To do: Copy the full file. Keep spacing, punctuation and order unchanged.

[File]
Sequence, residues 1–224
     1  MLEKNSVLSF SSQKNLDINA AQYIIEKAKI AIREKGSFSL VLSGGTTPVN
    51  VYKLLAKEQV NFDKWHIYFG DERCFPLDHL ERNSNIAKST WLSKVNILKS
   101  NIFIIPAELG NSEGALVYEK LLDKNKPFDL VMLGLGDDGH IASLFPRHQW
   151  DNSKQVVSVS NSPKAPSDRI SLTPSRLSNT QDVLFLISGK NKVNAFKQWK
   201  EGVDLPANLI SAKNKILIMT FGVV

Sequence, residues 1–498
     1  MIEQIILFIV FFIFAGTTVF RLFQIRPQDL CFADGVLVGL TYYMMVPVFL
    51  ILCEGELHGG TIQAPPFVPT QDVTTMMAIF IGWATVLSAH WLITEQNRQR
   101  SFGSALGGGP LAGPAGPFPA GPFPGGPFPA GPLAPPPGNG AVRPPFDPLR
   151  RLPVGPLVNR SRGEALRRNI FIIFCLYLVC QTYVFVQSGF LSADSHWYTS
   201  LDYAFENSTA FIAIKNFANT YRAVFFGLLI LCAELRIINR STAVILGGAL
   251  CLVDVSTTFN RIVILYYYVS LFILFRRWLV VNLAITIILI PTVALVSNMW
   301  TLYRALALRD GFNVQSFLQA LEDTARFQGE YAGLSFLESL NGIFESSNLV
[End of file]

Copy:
Sequence, residues 1–224
     1  MLEKNSVLSF SSQKNLDINA AQYIIEKAKI AIREKGSFSL VLSGGTTPVN
    51  VYKLLAKEQV NFDKWHIYFG DERCFPLDHL ERNSNIAKST WLSKVNILKS
   101  NIFIIPAELG NSEGALVYEK LLDKNKPFDL VMLGLGDDGH IASLFPRHQW
   151  DNSKQVVSVS NSPKAPSDRI SLTPSRLSNT QDVLFLISGK NKVNAFKQWK
   201  EGVDLPANLI SAKNKILIMT FGVV

Sequence, residues 1–498
     1  MIEQIILFIV FFIFAGTTVF RLFQIRPQDL CFADGVLVGL TYYMMVPVFL
    51  ILCEGELHGG TIQAPPFVPT QDVTTMMAIF IGWATVLSAH WLITEQNRQR
   101  SFGSALGGGP LAGPAGPFPA GPFPGGPFPA GPLAPPPGNG AVRPPFDPLR
   151  RLPVGPLVNR SRGEALRRNI FIIFCLYLVC QTYVFVQSGF LSADSHWYTS
   201  LDYAFENSTA FIAIKNFANT YRAVFFGLLI LCAELRIINR STAVILGGAL
   251  CLVDVSTTFN RIVILYYYVS LFILFRRWLV VNLAITIILI PTVALVSNMW
   301  TLYRALALRD GFNVQSFLQA LEDTARFQGE YAGLSFLESL NGIFESSNLV